Above: The Isle of Walney Community Growing Space with newly planted Aspen specimen tree. Photo Maddi Nicholson

Allotment Soup’s Spring

Thanks to the arrival of spring, Allotment Soup community gardeners at the Isle of Walney Community Growing Space have been keeping busy using their daily exercise to garden during lockdown. As well as caring for young Aspen trees with Back On Our Map, gardeners are sowing seeds and getting communal areas and individual plots ready for the growing season ahead.

 

“Many people think allotments may be a bit too hard for me, honestly, easy …

all you need is soil, seed, water, talk to them. Happy days!” 

Community gardener John shares his reflections whilst gardening during lockdown

 

Members have been follow strict social distancing measures, and staying in contact and sharing their activities via the Allotment Soup Facebook group. Scroll down for signs of spring from Allotment Soup.

 

The important task of watering has not been neglected, with social distancing in place for the volunteers who are caring for the Aspen roots.

Photo Maddi Nicholson.

 

On the Isle of Walney Community Growing Space, Aspen root cuttings planted as part of our partnership with University of Cumbria’s

Back On Our Map project are sprouting, thanks to the care of community gardeners. Photo Maddi Nicholson.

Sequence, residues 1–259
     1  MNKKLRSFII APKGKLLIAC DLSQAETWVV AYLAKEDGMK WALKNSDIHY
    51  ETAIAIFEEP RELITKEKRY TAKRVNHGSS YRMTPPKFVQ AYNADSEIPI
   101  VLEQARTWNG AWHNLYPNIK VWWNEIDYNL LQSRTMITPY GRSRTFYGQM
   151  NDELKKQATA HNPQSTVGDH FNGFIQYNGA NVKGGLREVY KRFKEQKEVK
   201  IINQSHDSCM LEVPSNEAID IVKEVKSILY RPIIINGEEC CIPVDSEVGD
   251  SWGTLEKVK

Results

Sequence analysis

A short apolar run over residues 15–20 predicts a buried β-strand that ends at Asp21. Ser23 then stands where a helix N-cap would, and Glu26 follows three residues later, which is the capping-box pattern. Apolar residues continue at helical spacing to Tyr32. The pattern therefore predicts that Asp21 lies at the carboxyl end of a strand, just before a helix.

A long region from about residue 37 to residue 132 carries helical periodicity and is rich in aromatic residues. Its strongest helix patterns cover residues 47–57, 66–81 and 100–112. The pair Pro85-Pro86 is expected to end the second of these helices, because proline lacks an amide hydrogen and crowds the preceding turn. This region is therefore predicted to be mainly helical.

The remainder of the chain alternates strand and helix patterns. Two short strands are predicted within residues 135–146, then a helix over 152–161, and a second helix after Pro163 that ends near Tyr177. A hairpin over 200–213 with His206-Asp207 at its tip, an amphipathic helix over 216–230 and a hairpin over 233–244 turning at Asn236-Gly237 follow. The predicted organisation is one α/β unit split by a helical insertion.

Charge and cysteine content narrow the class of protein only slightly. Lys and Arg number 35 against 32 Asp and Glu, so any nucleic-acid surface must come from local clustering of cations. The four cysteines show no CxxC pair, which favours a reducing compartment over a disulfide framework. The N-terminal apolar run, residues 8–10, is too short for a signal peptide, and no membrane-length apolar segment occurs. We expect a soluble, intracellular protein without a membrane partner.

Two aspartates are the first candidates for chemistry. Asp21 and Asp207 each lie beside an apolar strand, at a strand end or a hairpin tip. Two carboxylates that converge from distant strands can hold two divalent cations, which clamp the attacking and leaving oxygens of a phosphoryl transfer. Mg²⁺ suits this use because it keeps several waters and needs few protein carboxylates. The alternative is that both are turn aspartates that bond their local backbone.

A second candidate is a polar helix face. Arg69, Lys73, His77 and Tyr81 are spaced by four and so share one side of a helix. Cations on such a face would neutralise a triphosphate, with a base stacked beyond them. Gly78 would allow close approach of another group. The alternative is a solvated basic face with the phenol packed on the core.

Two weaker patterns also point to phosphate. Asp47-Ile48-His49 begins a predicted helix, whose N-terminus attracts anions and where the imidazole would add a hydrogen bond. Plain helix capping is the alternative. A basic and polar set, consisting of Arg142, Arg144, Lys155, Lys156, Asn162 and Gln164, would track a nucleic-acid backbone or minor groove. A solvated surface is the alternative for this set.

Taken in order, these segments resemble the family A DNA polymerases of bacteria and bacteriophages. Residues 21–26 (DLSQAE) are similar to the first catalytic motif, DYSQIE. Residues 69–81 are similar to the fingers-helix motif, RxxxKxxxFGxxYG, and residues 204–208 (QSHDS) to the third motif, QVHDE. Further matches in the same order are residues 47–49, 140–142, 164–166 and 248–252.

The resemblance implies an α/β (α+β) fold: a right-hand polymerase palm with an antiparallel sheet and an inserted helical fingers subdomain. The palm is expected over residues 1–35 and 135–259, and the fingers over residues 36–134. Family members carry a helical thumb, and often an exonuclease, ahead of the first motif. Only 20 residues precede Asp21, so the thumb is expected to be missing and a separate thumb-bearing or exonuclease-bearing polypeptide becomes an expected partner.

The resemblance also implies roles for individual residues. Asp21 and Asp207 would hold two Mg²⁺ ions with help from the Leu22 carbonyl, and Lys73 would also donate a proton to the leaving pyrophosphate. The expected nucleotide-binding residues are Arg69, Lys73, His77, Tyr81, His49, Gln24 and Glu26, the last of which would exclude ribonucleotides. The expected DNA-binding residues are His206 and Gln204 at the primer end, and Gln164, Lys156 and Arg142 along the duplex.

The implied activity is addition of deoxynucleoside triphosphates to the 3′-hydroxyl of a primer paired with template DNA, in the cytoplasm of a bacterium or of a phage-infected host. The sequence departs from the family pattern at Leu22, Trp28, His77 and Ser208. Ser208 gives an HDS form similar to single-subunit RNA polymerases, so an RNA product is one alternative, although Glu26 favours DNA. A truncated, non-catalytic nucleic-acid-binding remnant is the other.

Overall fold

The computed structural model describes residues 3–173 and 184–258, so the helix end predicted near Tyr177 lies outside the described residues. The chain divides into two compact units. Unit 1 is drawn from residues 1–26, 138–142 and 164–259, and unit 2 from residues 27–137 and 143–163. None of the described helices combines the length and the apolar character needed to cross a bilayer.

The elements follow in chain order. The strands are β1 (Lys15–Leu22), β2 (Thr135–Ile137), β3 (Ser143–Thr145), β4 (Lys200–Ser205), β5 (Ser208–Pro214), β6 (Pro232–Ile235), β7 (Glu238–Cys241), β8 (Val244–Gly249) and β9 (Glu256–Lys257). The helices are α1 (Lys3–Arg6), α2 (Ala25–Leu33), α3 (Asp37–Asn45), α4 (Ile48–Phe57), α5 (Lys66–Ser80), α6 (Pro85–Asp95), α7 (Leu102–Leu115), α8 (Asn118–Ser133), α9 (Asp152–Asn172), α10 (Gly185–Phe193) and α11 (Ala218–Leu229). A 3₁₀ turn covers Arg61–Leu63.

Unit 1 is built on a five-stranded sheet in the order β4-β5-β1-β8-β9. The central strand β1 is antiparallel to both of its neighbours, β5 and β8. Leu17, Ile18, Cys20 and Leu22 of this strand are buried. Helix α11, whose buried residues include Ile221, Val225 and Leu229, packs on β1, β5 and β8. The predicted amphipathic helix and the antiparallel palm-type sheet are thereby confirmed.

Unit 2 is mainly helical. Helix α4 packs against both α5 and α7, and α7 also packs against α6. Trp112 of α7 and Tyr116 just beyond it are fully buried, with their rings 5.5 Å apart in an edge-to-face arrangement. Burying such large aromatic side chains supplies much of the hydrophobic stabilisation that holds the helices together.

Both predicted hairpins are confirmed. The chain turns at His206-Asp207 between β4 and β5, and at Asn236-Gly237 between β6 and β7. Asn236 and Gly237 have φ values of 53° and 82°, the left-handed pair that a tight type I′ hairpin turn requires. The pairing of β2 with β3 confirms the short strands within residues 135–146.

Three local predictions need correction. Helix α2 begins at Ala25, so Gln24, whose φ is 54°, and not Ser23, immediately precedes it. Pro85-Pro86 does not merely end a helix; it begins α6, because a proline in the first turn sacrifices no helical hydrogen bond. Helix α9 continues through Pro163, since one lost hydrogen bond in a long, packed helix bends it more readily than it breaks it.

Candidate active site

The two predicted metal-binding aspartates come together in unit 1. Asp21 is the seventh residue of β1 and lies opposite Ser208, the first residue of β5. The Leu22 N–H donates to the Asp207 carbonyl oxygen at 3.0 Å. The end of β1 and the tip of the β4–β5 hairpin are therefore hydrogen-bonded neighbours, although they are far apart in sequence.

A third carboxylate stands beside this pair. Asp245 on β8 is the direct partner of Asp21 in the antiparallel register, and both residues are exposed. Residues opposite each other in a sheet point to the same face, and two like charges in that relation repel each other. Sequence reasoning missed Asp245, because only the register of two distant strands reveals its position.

50 young Aspen trees have been donated to HM Prison Haverigg, and will form a woodland in the prison grounds to be nurtured and planted by residents.

Read more. Photo Ruth Essex.

 

A specimen Populus tremula (Aspen) tree planted near the new poly tunnel to house Back On Our Map project plants. Photo Maddi Nicholson.

 

Aspen trees in specialist air pruning pots will be used to take root cuttings as part of the Back On Our Map project. Photo Maddi Nicholson.

Above: Now is the time to start spotting wildflowers on your daily walk, look out for flowering Marsh Marigold. Photo Maddi Nicholson.

Young plants thriving in the new poly tunnels. Photo Maddi Nicholson.

 

Vegetable seeds planted for communal growing areas are taking off. Photo Maddi Nicholson.

 

Perennial vegetables are back for a second year. Photo Maddi Nicholson.

 

Joyful spring colour. Photo Maddi Nicholson.

 

Fresh herbs are available in communal raised beds. Photo Daryl Pugh.

 

 

Further Reading